25. 25. Don’t Stop There…Great, I know the name of yournav bar image! Thanks forsharing.There is NOTHING forme to even click on!No ALT text, nothing!Yep, I sure am having troubleseeing your true colors!
  26. 26. Is This Even a Template?Nice clickableALT textcamouflagedby lots of fineprint.
  27. 27. You’re Better Than That…I don’t knowwhat to make ofthis situationThis email takesmore work todecipher thanlong division!
  28. 28. Good Job, You Saved 5 SecondsI am thinking theycopy and pastedfrom Word.You’re not as smartas you say you are.You might think aStrategic MarketingAssociation wouldknow this cancause an issue.If I only sent a testmessage.
  29. 29. Optimizing Email Takeaways•  Avoid reverse-type or text contrast•  Use compelling ALT text for all images•  Utilize bulletproof buttons (HTML text on top ofHTML background color), especially for your CTAand nav bar•  Make the message scan-able. Let the subscriberopen, scan, and click•  Remember, it is an email, not a book•  Test! Be mindful of how emails will render indifferent clients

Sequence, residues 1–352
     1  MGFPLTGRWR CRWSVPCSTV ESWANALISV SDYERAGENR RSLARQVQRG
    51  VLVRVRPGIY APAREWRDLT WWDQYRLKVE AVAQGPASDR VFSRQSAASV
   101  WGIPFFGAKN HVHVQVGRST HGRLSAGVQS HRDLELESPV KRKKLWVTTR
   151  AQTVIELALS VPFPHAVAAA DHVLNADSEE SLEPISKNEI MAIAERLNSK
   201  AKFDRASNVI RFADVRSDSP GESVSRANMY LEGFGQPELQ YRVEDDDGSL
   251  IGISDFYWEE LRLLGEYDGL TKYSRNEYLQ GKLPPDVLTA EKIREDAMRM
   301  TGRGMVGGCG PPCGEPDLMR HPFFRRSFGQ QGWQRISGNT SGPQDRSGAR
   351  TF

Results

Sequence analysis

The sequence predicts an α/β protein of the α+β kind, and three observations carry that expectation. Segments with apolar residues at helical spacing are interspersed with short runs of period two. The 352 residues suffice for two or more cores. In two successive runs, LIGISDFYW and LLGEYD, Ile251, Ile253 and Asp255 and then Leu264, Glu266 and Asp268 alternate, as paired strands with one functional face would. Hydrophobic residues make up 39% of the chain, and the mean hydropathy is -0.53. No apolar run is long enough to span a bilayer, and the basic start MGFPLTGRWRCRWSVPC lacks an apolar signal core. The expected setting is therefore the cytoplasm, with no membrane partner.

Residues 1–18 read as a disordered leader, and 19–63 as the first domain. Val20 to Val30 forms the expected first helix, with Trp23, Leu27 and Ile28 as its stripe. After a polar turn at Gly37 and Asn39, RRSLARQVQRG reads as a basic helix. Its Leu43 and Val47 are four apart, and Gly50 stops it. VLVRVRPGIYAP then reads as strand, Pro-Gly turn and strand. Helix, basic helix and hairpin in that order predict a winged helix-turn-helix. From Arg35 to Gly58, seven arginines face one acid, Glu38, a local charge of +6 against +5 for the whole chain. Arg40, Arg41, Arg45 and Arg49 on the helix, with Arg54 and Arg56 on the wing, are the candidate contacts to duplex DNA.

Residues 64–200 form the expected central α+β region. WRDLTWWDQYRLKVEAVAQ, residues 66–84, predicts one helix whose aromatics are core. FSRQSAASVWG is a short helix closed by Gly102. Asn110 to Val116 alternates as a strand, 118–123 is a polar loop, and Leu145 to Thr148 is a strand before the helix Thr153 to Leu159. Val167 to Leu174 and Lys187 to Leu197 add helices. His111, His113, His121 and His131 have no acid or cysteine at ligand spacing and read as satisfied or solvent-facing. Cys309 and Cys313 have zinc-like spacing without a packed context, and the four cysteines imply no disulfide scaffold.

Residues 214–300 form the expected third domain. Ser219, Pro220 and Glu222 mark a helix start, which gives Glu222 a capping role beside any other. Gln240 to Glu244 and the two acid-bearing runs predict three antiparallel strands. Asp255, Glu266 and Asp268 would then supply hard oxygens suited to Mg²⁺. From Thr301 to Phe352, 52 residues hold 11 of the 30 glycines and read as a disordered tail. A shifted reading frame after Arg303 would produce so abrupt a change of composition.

30. 30. Day 5: What’s the Frequency, Kenneth?No consistent send cadence
  31. 31. Is Everything Okay? Are You Mad at Me?3 in march (so far)2 in Feb5 in Jan2 in Dec1 in Sept4 in Aug4 in Nov6 in Oct
  32. 32. Be Consistent With Your Frequency•  Create a marketing calendar to ensure you are touching yoursubscribers on a consistent basis.•  You can always increase or decrease your cadence as longas you make sure it is consistent at that time. If you are goingto increase frequency, let’s just say during Q4, send an emailexplaining why you are mailing more.•  It is a good idea to set expectations inside of your welcomemessage or at the time of signup.